Specialized, Diversified, or Alternative On-Farm Enterprise Decisions and the Impacts on Financial Performance Among Small Farms in Tennessee
Small farms, defined as those with annual gross cash farm income (GCFI) less than $350, 000, account for 90% of the number of farms in the United States and contribute 21.5% to the total agricultural production. Small farms are significant contributor to the U.S. agriculture and their survival is essential. As U.S. agricultural production volume is continually shifting to larger specialized farms, a relevant question is how the payoff and incomes of the small farms can be strategically stabilized for their sustainable continued survival. For small farms, risk minimization or alternative profitable enterprise could be an important aspect to survive, rather than high profit risk enterprise. As suggested by past studies, on-farm diversification can help farmers maximize their farm revenue while reducing risk and uncertainties. Small farms are generally incapable to adopt advanced technology, innovative management practices, and intensive farming techniques. Their most feasible alternative is to practice other on-farm lucrative enterprises. Although many studies suggest enterprise diversification as an effective strategy for mitigating risk, no study explicitly analyzed the determinants of small farm’s strategic decisions regarding specialization and diversification and the impact of such decisions on farm financial performance. This study examines factors influencing the farmer’s strategic decisions on specialization, crop/animal diversification, or the adoption of on-farm alternative enterprises. Additionally, we estimated the impacts of each strategic decisions on farm financial performance using an appropriate Multinomial Endogenous Switching Regression (M-ESR) model which account for selection biases. This study is important in Tennessee because more than 95% of the farms in Tennessee are small. The result shows that the factors such as land holdings, age of the operator, off-farm work, adoption of organic practices, and smartphone use significantly influence the farmers specialization or diversification strategy choices. Additionally, we find that farm financial performance significantly improves when farmers adopt on-farm alternative enterprise(s). The result could help policymakers formulate effective plans and policies to promote adoption of on-farm diversification strategies among small farms.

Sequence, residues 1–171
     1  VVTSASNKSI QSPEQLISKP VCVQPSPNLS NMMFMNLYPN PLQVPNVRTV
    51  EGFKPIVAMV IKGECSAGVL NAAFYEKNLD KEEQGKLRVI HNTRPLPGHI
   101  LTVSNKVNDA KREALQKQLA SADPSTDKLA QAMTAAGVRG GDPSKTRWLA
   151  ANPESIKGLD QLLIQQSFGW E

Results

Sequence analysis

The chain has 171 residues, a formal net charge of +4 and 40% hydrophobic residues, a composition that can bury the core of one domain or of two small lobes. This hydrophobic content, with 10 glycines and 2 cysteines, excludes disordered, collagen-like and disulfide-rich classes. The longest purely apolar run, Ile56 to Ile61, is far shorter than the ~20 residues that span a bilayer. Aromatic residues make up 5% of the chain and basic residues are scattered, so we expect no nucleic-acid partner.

"Specialized, Diversified, or Alternative On-Farm Enterprise Decisions and the Impacts on Financial Performance Among Small Farms in Tennessee"
ETD Collection for Tennessee State University.